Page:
U.S. command and control systems require the ability to share situational awareness with other government agencies as well as allies and friends. Such joint and combined interoperability requires forces that can immediately "plug" into the joint battlefield systems (command and control, intelligence, fire support, logistics, etc.) and perform effectively. These forces need compatible systems with interoperable standards, doctrine, tactics, techniques, and procedures.

To support joint and combined command and control and enable a common operational picture of the battlespace, DoD needs not only enhanced end-to-end communications but also effective applications for secure collaborative planning and operations. These applications must have access to trusted data, and then catalyse shared situational awareness for the integration of joint fires, manoeuvre, and intelligence. They must be interoperable across all components and tailorable for coalition operations with other countries. These capabilities - the network and its applications - will enable forces to plan and execute operations faster than the enemy and to seize tactical opportunities. On this foundation, innovation will foster surprise. This requires additional applications exploiting web-based technologies and adapted to a wireless environment.

To enable transformation, DoD must develop the C2 capabilities to underpin the Standing Joint Force (SJF) headquarters. These headquarters must have interoperable joint command, control, communications, computing, intelligence, surveillance, and reconnaissance (C4ISR) capabilities that provide a common operational picture of the battlespace - with awareness of friendly and adversary forces as well as non-combatants - for joint and combined forces. They must also have a responsive integrated logistics system that provides easy warfighter access to essential support without the burdensome lift and for a large information technology infrastructure in the area of operations. The SJF headquarters requires adaptive battlespace awareness, targeting, and mission planning tools enabling U.S. forces to operate within the adversary's decision cycle. Further, these capabilities must be integrated into the Deployable Joint Command and Control centre.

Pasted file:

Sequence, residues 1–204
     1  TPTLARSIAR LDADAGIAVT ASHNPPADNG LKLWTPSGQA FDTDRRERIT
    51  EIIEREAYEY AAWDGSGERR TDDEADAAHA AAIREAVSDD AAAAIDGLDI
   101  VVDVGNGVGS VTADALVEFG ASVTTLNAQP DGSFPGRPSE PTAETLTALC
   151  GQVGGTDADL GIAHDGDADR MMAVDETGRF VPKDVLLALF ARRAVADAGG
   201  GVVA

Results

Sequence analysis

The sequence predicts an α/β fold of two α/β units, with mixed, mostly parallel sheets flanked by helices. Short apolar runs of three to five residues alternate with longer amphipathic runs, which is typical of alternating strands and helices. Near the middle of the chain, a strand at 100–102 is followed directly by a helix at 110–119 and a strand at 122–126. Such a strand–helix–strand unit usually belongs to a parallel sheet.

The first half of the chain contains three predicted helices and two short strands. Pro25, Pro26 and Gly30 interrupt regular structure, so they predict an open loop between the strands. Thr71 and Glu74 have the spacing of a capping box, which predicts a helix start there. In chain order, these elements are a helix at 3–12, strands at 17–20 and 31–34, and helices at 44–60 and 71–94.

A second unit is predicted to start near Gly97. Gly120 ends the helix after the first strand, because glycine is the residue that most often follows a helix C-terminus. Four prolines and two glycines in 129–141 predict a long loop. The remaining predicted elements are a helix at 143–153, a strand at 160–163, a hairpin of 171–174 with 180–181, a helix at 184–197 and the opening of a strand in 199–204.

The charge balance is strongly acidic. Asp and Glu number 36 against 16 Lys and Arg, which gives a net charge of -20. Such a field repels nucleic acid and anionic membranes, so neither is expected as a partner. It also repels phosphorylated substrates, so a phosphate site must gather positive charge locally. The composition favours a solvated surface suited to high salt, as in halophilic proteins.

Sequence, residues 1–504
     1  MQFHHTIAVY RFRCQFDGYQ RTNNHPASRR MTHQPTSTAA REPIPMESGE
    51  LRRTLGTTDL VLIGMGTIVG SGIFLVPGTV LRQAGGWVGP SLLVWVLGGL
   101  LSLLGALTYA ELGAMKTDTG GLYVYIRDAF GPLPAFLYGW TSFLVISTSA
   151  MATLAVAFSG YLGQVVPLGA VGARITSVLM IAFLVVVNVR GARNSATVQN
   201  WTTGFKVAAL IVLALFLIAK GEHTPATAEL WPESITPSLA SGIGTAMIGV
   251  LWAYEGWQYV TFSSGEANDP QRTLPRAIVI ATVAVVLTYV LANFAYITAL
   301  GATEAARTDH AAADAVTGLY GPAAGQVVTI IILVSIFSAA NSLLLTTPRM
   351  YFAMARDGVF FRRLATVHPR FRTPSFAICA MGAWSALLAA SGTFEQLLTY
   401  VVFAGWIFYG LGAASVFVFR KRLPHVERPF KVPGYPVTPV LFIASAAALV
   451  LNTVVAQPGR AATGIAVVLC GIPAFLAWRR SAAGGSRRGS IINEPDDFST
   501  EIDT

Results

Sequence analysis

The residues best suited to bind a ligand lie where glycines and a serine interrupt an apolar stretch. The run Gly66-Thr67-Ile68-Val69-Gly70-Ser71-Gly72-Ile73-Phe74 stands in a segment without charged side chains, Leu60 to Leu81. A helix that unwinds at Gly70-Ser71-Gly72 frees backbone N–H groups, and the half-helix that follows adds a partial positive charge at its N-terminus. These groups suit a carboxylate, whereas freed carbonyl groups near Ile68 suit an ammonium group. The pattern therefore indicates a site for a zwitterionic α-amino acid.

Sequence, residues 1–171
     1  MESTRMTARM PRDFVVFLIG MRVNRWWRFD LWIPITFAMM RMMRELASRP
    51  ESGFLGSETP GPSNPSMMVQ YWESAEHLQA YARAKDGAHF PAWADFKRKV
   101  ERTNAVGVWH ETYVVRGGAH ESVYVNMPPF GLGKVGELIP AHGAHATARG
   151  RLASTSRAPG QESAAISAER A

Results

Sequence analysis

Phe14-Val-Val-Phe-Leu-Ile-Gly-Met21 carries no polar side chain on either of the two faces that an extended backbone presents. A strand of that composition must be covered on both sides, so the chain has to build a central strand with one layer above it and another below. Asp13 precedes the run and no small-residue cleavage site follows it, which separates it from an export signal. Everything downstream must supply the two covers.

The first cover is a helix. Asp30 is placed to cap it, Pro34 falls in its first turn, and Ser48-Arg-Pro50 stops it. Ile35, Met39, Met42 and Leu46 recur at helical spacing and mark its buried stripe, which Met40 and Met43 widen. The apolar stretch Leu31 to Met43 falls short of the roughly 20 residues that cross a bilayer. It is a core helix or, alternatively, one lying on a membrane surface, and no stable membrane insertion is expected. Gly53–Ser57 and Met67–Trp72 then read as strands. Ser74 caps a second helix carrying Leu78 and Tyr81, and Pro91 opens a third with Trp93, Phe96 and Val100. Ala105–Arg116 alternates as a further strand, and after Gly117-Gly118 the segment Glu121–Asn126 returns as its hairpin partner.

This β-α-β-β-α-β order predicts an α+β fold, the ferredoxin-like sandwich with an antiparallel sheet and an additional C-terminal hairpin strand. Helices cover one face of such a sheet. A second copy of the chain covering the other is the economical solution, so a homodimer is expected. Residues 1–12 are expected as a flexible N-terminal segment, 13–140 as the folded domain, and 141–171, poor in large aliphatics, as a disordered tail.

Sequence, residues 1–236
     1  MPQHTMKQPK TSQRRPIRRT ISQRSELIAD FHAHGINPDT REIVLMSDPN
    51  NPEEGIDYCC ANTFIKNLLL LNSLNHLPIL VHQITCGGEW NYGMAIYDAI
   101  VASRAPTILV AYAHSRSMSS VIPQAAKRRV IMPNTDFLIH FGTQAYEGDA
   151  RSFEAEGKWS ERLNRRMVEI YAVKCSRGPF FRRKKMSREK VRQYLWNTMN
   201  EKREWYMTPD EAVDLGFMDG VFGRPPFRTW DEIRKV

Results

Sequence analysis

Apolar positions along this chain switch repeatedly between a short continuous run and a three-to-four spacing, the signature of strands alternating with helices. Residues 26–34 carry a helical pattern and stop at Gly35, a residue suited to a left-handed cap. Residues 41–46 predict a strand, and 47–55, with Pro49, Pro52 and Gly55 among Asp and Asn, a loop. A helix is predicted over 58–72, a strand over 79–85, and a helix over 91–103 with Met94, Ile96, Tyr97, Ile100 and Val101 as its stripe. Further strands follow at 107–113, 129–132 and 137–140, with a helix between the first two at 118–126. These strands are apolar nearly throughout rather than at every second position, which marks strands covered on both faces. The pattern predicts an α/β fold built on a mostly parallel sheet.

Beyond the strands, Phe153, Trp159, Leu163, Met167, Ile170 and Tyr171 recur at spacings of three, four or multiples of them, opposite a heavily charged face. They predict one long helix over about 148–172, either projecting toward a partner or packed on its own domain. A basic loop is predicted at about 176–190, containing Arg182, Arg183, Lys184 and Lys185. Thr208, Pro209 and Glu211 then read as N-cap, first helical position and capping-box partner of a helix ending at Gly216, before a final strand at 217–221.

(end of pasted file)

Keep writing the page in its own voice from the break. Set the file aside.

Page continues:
Finally, DoD must find ways to field mission-essential C2 capabilities faster. Today's lengthy oversight processes in which almost any special interest can delay or derail a joint program is lethal to transformation.

Common Operating Environment (COE)

  • Description
    The Defence Information Systems Agency's (DISA) COE provides the foundation for Command and Control (C2) system architectures to enable operational realisation of the Department of Defence's Command, Control, Communications, Computers, and Intelligence for the Warfighter (C4IFTW) vision.

  • Capabilities:
    The COE provides integration and runtime environments and a set of common support applications, such as the Common Operational Picture (COP), to developers of C2 applications. The COE contributes a common architecture and reusable components to further interoperability among systems.

  • Approach
    Common functions of C2 systems are built and maintained once as common components to be reused across C2 systems. The COE achieves interoperability primarily by using common software, both commercial-off-the-shelf and government-off-the-shelf. It provides "plug-able," reusable, architecturally consistent, integrated components called segments.

  • Architecture
    The COE is a three-tiered architecture. The first layer, the Kernel, contains the operating system, operating system extensions, a common desktop, software installation tools, and security extensions. The second layer, Infrastructure Services, includes the relational database, world-wide web, network and system management, communications, and print services components. The third layer, Common Support Applications, includes mapping, correlation/fusion, collaboration, and COP.

  • Expertise
    COE supports major systems such as DISA's Global Command and Control System and Global Combat Support System, the Army Battle Command System, the Global Command and Control System-Army, Global Command and Control System-Maritime and the Air Force's Theatre Battle Management Core Systems.

Defence Collaboration Tool Suite (DCTS)

  • Description
    DCTS is a flexible, Commercial-off-the-Shelf (COTS) based application providing interoperable, synchronous and asynchronous collaboration capability to the Department of Defence's (DoD) Combatant Commands, the military services and DoD agencies. The DCTS Program identifies, fields and sustains a dynamic set of evolving standard collaboration tools that bridge between DoD and the Intelligence Community. These tools enhance simultaneous, ad hoc crisis and deliberate continuous operational action planning (vertically and horizontally) across operational theatres and other domains that provide operational units and defence organisations simultaneous access to real-time operational, tactical, and administrative information.